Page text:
By Chris Meehan
Several branches are launching initiatives aimed at sharing the Holy Spirit and the blessings of community life with their friends, neighbors and coworkers. Here are some examples:
In Buffalo, the branch has begun monthly open prayer meetings. The meetings are part of a larger plan to get the word out to the surrounding region about the People of Praise and baptism in the Spirit. “Our Spirit and Purpose says that spreading baptism in the Holy Spirit is part of who we are,” notes Tom Shriver, Buffalo’s principal branch coordinator. “During the past year, we looked around and didn’t see anyone in the area actively doing that, so we volunteered to the Lord. At the same time, we realized that we must have kept a relatively low profile over the years, because so many people didn’t seem to know we even existed.”
As part of this plan, the branch has opened up some branch activities to friends, acquaintances and family members. The new open prayer meetings are scheduled on the fourth Sunday of each month (there have been three meetings so far). Branch members also solicited an article about the community from the local Catholic newspaper. “We figured that the fact that members of 14 different parishes work together in an ecumenical outreach is a story worth telling,” says Tom.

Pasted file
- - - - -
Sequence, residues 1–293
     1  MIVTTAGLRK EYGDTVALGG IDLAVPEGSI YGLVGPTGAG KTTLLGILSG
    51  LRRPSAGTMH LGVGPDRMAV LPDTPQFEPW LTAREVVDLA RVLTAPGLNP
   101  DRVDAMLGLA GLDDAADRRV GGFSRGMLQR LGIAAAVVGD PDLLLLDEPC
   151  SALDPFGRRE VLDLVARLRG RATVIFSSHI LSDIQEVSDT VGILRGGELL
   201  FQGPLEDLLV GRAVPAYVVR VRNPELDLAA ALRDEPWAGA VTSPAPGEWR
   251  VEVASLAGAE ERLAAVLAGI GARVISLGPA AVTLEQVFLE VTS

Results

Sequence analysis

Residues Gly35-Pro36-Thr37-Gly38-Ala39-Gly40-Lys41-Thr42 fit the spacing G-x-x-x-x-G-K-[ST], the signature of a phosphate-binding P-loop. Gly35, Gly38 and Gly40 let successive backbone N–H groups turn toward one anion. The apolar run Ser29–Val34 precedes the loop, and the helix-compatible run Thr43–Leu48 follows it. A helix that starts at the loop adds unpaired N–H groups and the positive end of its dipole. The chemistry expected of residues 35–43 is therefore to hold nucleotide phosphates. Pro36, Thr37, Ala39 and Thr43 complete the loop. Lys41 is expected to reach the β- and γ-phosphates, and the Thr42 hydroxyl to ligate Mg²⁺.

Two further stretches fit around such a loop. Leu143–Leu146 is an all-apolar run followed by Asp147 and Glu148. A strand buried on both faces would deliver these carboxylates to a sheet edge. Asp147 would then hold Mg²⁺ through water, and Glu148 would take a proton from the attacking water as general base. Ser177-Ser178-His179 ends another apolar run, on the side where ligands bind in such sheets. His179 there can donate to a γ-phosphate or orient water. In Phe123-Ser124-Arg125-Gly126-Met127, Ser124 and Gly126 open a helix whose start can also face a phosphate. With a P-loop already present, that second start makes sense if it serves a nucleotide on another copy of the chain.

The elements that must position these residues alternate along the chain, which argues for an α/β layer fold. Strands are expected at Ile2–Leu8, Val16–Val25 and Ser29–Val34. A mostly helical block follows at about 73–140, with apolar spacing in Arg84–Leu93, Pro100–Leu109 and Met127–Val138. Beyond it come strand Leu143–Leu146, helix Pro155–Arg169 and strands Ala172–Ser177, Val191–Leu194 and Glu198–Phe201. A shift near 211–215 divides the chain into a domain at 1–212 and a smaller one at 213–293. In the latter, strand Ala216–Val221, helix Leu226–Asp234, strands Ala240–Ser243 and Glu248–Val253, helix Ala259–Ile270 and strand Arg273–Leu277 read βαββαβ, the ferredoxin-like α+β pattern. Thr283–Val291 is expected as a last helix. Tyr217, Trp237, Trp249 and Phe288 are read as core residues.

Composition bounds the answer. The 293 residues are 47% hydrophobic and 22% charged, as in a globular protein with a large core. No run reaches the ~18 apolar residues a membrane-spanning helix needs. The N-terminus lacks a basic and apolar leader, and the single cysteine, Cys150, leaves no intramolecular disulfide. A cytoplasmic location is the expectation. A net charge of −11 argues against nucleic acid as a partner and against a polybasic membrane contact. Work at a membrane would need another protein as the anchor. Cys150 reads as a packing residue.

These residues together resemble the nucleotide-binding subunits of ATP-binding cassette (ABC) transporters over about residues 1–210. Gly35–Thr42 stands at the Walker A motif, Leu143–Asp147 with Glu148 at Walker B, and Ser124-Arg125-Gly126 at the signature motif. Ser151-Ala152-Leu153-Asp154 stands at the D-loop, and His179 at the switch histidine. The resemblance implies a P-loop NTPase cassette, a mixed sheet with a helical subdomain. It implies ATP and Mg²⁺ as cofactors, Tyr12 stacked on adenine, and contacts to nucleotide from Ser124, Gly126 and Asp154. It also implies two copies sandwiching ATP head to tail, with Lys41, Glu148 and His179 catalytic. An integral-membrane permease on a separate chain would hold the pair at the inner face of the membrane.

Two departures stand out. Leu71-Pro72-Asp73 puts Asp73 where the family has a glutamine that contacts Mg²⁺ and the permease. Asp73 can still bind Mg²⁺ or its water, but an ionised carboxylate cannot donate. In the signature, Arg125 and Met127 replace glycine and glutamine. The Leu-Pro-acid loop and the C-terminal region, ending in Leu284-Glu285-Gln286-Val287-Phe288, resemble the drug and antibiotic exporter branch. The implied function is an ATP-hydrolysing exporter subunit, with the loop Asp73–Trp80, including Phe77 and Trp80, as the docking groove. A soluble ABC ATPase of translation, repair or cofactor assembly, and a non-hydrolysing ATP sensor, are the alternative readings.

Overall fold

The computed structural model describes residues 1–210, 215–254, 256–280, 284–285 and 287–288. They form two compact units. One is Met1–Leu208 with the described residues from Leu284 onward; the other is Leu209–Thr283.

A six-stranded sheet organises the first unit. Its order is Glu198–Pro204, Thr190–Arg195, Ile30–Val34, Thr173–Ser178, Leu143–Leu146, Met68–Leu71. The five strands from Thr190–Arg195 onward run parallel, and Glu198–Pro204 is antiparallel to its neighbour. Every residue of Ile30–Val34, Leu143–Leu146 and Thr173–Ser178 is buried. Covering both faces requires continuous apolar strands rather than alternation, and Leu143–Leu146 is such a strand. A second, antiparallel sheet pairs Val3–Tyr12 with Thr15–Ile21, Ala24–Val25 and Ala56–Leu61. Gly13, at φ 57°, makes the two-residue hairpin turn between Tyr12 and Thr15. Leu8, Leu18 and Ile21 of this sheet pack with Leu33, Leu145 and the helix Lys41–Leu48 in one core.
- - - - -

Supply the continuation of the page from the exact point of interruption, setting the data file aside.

Between 50 and 75 people came to each of the three prayer meetings, and about a quarter of them were new folks, estimates Jim Peters, who led one of the meetings and gave a talk at another. Rosanne Tabone, a good friend and guest of branch member Cindy Widmer, has attended all three and enjoys her chances to pray with the branch. “The meetings are wonderful. You can feel the Holy Spirit fill the room,” she said.
The open meetings have a familiar prayer-meeting format, and participants also receive a newsletter which lists all upcoming community events to which they are invited. Peter Hammer leads the music and intersperses contemporary worship songs with community favorites. A seder followed the most recent meeting.